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Kamper steur

The Kamper steur

Kampen has a beautiful cityscape, but in the summer this is enriched with a very special monument: the Kamper steur. A large floating monument of a sturgeon with a bell around his neck. The monument is based on the story of one of the Kamper uien (onions). These are stories where the mockery is driven with the stupidity of Kampenaren. The Kamper ui(t)dagen, the annual festival, owes its name to this. The story of the sturgeon is well-known around Kampen.

The story of the sturgeon with the bell

In the old days, when Kampen still had city walls, a bishop was going to visit Kampen. The people from Kampen were honored and wanted to serve him a feast during his visit. The fishermen found a big sturgeon to be the perfect meal. The problem was that the bishop got sick and would come a week later. The people from Kampen knew that the sturgeon would spoil if it was taken on dry land. They came up with a plan: they fixed a bell around the neck of the sturgeon and threw back the sturgeon in the IJssel. Through the bell they would find the sturgeon again when the bishop was there. Once the bishop was there, they listened for days on the IJssel to see if they would hear a bell. The bishop got another meal and they never found the sturgeon again.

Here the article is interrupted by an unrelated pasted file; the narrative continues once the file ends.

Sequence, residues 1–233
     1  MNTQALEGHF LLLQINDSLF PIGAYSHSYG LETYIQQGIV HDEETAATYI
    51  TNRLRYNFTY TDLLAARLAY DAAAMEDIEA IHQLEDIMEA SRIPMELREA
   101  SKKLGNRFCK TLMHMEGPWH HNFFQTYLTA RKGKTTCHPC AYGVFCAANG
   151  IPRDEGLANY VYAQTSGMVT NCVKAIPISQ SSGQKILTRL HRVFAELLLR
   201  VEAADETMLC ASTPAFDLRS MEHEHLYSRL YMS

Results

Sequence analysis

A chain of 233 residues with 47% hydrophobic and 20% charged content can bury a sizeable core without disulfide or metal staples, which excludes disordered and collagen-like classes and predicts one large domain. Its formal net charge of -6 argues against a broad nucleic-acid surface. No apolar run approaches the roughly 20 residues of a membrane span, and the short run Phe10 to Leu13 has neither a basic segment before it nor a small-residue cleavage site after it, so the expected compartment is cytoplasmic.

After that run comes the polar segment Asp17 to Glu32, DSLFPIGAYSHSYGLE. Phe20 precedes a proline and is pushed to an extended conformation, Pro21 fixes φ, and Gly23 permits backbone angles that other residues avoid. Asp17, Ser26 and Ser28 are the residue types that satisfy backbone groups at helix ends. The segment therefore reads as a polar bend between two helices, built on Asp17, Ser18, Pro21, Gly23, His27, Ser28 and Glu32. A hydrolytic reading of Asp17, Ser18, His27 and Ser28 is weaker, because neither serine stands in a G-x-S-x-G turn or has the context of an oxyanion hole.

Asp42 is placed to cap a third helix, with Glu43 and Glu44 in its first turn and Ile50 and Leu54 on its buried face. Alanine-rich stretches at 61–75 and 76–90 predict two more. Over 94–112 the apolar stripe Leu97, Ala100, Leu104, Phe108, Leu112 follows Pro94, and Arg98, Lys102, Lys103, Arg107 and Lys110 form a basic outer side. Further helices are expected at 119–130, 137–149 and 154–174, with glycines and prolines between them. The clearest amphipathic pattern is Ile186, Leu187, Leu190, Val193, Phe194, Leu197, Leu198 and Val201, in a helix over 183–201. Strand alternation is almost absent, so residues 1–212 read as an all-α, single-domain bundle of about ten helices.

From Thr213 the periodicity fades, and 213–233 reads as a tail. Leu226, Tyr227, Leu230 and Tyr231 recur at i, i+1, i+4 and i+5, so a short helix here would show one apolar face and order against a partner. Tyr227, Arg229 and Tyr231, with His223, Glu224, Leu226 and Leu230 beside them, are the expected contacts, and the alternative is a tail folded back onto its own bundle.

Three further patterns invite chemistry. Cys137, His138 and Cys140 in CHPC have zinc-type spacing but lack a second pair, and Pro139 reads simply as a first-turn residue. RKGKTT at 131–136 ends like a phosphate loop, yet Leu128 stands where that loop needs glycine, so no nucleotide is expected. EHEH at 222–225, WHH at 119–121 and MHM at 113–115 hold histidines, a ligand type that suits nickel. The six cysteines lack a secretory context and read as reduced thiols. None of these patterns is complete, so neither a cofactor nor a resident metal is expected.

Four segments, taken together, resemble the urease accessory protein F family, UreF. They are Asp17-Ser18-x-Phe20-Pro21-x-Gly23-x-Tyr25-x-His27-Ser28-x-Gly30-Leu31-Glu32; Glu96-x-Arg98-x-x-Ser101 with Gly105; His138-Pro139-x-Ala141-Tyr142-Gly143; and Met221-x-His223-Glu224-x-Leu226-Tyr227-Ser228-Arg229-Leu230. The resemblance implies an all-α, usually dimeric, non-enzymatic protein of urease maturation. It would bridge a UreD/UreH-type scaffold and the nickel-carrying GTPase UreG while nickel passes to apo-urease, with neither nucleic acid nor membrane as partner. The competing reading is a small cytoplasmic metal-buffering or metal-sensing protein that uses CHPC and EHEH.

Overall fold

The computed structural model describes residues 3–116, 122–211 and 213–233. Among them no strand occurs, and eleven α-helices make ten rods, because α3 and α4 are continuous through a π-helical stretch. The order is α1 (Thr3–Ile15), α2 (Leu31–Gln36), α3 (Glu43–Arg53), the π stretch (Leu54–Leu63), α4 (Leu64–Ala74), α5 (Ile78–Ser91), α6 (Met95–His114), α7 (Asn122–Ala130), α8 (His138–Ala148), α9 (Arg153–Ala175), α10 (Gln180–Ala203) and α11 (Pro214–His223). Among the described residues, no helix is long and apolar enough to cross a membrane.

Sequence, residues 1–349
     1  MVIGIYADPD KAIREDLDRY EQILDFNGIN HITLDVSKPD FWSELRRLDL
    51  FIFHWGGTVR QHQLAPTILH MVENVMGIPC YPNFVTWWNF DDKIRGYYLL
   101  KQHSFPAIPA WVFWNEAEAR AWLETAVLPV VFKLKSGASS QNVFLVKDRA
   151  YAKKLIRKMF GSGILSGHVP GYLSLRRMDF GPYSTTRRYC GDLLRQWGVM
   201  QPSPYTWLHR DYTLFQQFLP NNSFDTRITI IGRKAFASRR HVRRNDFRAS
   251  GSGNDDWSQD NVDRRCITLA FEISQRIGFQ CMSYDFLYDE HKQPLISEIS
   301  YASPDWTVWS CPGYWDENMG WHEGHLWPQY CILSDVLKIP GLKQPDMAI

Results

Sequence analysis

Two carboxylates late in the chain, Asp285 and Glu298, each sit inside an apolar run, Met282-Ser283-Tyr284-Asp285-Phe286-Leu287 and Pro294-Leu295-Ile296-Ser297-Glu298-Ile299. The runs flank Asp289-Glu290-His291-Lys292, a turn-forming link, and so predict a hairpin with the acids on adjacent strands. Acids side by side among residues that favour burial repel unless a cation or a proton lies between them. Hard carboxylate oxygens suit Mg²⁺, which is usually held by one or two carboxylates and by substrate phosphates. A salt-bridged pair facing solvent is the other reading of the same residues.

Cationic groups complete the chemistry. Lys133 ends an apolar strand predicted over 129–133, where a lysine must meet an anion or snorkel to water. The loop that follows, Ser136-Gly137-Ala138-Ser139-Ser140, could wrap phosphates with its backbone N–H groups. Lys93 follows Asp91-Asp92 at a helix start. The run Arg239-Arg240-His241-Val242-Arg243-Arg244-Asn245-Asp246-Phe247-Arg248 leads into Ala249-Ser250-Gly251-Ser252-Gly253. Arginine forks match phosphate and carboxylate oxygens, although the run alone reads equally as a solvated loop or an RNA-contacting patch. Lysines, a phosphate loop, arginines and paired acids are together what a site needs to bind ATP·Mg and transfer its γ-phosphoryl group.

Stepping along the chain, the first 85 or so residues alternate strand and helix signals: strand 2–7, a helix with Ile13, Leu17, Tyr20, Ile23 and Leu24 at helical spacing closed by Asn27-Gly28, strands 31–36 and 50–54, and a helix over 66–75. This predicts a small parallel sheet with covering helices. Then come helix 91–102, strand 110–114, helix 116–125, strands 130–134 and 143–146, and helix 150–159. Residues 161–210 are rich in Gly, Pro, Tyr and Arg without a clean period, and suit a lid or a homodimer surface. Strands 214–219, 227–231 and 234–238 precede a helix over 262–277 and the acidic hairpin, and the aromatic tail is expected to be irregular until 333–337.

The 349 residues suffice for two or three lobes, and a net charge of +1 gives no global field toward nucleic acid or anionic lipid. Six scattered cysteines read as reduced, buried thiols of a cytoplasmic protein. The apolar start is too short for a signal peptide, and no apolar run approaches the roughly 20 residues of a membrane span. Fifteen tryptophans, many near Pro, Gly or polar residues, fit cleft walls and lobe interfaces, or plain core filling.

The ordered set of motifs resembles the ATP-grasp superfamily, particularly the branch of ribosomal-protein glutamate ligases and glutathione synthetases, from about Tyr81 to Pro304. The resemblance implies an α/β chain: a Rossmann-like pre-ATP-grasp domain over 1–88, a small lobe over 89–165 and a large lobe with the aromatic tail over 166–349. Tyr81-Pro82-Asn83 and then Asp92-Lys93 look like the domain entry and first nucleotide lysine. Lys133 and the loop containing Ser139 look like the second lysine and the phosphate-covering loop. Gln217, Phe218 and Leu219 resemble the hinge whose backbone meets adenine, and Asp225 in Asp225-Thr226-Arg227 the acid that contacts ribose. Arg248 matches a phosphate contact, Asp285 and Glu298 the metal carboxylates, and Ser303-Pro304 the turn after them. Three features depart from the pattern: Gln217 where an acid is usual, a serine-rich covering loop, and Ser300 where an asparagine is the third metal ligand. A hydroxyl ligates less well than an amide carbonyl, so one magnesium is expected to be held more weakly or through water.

About the Sturgeon in Kampen

The sturgeon monument, also known as Kamper steur, is located every year for several weeks next to the city bridge in the IJssel. The Kamper steur is about the story of hundreds of years ago, when Kampen put a bell around the neck of the sturgeon in order to find it back. There is also a statue of a boy with a sturgeon on the quay of Kampen. This can be seen throughout the year.